• Music Knows No Boundaries

    Posted on March 18, 2014 by Jessica Ryan in Accessibility.


    “I’ve got the eye of the tiger,” the 14 members of the Woodlands Music Ensemble sang at the top of their lungs. They excitedly yelled over to their instructor, “We’ve got the eye of the tiger, Ms. Kory!” The ensemble had just started rehearsing its spring program, which to its delight included Katy Perry’s “Roar.” Ms. Kory, or Kory Antonacci, a board-certified music therapist and the Music Coordinator at Woodlands, later told me, “The room could have exploded with the amount of energy and excitement they had.”[i]


    PSO First Violinist Chris Wu introduces a Woodlands camper to the violin.

    Several weeks ago I interviewed Kory to learn how she helps the Woodlands Foundation fulfill its mission of “enriching the lives of children and young adults with disability and chronic illness.”[ii] By creating programs that promote feelings of inclusion, facilitate appropriate peer interactions, and encourage emotional expression, she uses music to enhance the quality of life of everyone served by Woodlands.

    One of Kory’s programs, her Music Ensemble, runs for ten weeks each fall and spring. She started the ensemble to provide participants with year-round opportunities to become excited about music and engage in music-making. In the ensemble, Kory tries to capitalize on the strengths of ensemble members, who currently range in age from 9 to 24, and help them express themselves. She says, “To give them that outlet through music is incredible—especially for nonverbal kids.”[iii] Through rehearsals and culminating performances, Kory helps ensemble members gain musicianship, and she also encourages the development of life skills like the ability to work with a team.

    Many ensemble members play percussion instruments. Kory finds these instruments ideal because all ensemble members, even those without prior musical experience, can easily use them to produce sounds. To give ensemble members the chance to experiment with melodic lines, Kory also has them sing and play Orff instruments. With these instruments, the ensemble plays many styles of music to reflect members’ varied tastes.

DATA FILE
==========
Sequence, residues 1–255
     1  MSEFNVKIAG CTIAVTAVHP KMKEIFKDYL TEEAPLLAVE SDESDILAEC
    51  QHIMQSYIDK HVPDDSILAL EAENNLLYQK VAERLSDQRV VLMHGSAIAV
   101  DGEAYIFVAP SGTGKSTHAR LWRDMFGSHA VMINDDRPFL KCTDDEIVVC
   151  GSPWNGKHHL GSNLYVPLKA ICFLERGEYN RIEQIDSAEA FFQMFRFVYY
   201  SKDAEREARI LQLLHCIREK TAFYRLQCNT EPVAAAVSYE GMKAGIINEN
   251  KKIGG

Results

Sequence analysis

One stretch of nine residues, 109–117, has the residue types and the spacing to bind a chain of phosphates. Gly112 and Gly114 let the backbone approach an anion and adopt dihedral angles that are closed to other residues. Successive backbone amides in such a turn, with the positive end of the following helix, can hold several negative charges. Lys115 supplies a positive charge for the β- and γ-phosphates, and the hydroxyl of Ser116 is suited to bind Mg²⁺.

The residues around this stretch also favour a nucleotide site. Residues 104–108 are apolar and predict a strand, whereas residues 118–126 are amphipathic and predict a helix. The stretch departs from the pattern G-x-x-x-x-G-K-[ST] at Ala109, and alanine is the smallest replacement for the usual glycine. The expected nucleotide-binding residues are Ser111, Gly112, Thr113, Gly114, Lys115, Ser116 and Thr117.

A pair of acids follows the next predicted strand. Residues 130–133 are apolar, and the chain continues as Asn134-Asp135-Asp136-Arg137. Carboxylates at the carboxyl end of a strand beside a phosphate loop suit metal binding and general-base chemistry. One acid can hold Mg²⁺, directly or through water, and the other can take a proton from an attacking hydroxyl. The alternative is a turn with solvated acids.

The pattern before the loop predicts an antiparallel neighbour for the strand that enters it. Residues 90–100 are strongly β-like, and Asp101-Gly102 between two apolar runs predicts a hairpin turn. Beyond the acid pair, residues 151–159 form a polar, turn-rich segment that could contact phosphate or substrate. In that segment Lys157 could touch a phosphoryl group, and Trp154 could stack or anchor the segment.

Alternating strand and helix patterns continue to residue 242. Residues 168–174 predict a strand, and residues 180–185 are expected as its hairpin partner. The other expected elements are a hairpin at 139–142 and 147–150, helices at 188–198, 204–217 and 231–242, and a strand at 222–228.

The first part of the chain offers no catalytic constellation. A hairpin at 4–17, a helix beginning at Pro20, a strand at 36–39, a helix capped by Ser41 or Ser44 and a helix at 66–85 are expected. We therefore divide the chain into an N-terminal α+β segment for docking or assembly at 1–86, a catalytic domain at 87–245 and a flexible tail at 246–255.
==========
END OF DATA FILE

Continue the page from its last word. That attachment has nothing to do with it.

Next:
Ensemble members don’t just prepare for performances by rehearsing music, though. They eagerly craft plans for the staging, costumes, and the concert script as well, and they can’t wait to show everyone their work. Kory observes, “They want to get the audience (their peers) involved, and it’s so incredible for them to be role models. It’s their show and vision; they really do take ownership.”[iv]

    This spring’s show, “Dancin’ through the Decades,” features music from the 1950s to the present day. Kory chose this theme because she wants to expose ensemble members to many different musical styles, let them see how music evolved over time, and enable them to connect to their parents through music. You can attend the May 10 concert if you want to celebrate ensemble members’ hard work and see them perform hits like “Ain’t No Mountain High Enough” and “Roar.”

    During the summer, everyone at Woodlands takes a break from the Music Ensemble and instead attends the annual Notes From the Heart Music Camp. This year’s adult camp runs from July 6-11, and the camp for children and teens will take place from July 13-18. At the camps, participants will have the chance to work with instructors from schools like Harvard and the Hartt School, as well as some of our very own PSO musicians! To see what goes on at camp, check out the video below from Woodlands:

    Through the Music Ensemble and Notes From the Heart Music Camp, Kory and Woodlands give participants many opportunities to grow as musicians and individuals. They believe music can play a powerful role in the lives of everyone at Woodlands because as Kory says, “Music knows no boundaries. A lot of participants have had lives defined by boundaries and stipulations. You’re never told ‘you can’t do this’ at Woodlands. Music will forever bind us together as human beings. It’s one language we can all relate to and express ourselves through. It doesn’t matter if a child is singing a solo or shaking an egg shaker; all are able to express themselves and that’s irreplaceable.”[v]


    [i] Antonacci, Kory.  Personal interview.  28 Feb. 2014.

    [ii] “Who We Are.”  Woodlands Foundation.  Woodlands Foundation,  2010.  Web.  17 Mar. 2014.

    [iii] Antonacci, Kory.  Personal interview.  28 Feb. 2014.

    [iv] Ibid.

    [v] Ibid.

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